#Drought news: @CSUtilities outlook for summer

Colorado Drought Monitor June 12, 2018.

From KRDO.com (Kasey Kershner):

Colorado Springs Utilities administrators say they are already seeing some of the initial effects of low precipitation levels and snowpack.

Right now, the last bit of runoff from the winter snow is melting and draining into local reservoirs. Normally, the snowpack would stick around for a few more weeks…

Kalsoum Abbasi, a planning supervisor in water conveyance group at Colorado Springs Utilities, says the area had average levels of moisture and snowpack in the last few years, meaning the water storage levels are looking good, despite the drought.

Some of the major storage reservoirs like Pueblo, Turquoise, and Twin Lakes all have good water supplies right now. Abassi says there is about three years’ worth of water built up in storage, so there likely will not be any water restrictions for residents anytime soon.

Looking to some of the other bodies of water, like Rampart Reservoir west of Woodland Park, water levels are already seemingly low.

Abassi says last summer, average customer demand for water was about 85-90 million gallons per day. This year, Colorado Springs Utilities says demand is running closer to 120 million gallons per day on the hot and dry days we have seen so far.

@ColoradoClimate: Weekly Climate, Water and #Drought Assessment of the Intermountain West

Click here to read the current assessment. Click here to go to the NIDIS website hosted by the Colorado Climate Center.

#Colorado to adopt California’s vehicle emission standards as @EPA considers rolling back regulations — @COIndependent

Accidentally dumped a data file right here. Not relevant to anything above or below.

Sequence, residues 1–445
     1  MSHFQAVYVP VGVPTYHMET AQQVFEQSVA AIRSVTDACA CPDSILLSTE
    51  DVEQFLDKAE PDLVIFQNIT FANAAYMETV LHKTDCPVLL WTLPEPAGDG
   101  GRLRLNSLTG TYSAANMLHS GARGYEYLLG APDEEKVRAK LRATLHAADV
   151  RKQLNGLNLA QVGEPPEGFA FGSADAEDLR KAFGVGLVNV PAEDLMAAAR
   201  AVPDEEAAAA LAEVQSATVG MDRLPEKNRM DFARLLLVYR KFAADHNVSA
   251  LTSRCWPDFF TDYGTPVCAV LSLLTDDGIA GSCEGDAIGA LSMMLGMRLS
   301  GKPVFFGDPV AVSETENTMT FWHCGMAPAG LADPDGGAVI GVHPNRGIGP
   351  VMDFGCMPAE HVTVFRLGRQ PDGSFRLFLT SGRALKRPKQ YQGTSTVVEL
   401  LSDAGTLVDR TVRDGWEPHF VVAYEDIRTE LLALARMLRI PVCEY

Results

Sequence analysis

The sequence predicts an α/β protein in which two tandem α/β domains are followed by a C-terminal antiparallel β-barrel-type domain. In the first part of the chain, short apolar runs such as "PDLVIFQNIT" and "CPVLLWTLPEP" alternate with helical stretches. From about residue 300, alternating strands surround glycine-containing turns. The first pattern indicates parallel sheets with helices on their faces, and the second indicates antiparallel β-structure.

Rush hour on Interstate 25 near Alameda. Screen shot The Denver Post March 9, 2017.

From The Colorado Independent (John Herrick):

Gov. John Hickenlooper signed an executive order Tuesday to ensure vehicles sold in Colorado meet current emissions standards even if the Trump administration decides to slash regulations for the automobile industry.

The executive order requires Colorado to adopt California’s limits on greenhouse gases that spew from tailpipes. California has a legal waiver under the Clean Air Act that allows it to have more stringent emission standards than those set by the federal government. Colorado will join a dozen states, including California, and the District of Columbia seeking to lock in place current Obama-era vehicle emission standards.

Those 2012 standards are designed to lead to more fuel-efficient vehicles on the market in coming years. New cars, light trucks and SUVs will have to average 55 miles per gallon come 2025, a rule that was incorporated into California’s regulations.

This would complement Colorado’s goal of cutting 2005 greenhouse gas emission levels 26 percent by 2025. Vehicles on the road make up the state’s second-largest source of greenhouse gas emissions after electricity generation from power plants, according to the state’s most recent data.

Environmental groups are lauding the executive order as a win for the state at a time when the White House is rolling back environmental protections.